These numbers come amidst ongoing concerns about Japan's declining fertility and its potential economic impacts. With the world's highest life expectancy (80 for men, 87 for women, and 83 on average) and one of its 20 lowest birth rates (1.4 children per woman, below replacement levels), many fear that by 2020 old-age incontinence underpants will outsell diapers, by 2040 over-80s will outnumber under-15s, and by 2060 the nation's population will shrink from its current 128 million to 87 million with up to 40 percent over 65 years old. Given the nation's resistance to bringing in migrant labor, this could tank Japan's viable workforce and relegate the nation to what increasingly seems like an inevitable spiral into economic decline—not to mention leave many elderly abandoned, save for (in the best case scenario) the care of robot companions.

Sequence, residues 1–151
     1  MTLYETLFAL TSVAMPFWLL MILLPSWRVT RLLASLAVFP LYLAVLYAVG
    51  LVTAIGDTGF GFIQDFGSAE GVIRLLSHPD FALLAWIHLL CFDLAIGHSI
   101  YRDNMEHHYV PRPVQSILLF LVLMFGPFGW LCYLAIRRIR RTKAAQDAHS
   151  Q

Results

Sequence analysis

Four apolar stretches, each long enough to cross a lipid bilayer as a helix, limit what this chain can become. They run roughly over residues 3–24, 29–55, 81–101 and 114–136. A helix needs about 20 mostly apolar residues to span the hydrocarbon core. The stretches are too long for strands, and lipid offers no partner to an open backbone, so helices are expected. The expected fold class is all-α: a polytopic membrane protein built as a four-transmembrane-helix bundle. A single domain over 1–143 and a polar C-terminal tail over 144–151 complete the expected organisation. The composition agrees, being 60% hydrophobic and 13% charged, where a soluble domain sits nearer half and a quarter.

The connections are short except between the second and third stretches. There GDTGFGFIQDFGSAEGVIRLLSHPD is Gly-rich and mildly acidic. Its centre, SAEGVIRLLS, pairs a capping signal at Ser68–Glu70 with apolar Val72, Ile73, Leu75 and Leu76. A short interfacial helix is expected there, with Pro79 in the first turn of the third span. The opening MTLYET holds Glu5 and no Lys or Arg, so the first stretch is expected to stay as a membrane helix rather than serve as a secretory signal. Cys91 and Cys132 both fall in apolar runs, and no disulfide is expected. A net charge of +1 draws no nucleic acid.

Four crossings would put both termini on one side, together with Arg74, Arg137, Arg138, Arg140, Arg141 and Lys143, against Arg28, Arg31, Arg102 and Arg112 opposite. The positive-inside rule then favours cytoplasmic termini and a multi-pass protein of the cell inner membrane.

While low sexual activity is far from the sole or even the most significant factor fueling the nation's low fertility—sex doesn't always result in babies and babies aren't always the result of a couple's sex—any trend that might lead to fewer pregnancies piques national and global attention in such a baby-hungry country.

Yet some reject the narrative that Japan is developing a unique and widespread "celibacy syndrome," arguing that although a fair number of citizens have no interest in sex, their ranks are not truly jaw-dropping. Those numbers, argue people who believe in a sexed up Japan, have been blown out of proportion by the spurious use of statistics on dating, marriage, and childbirth to prop up the notion of endemic abstinence.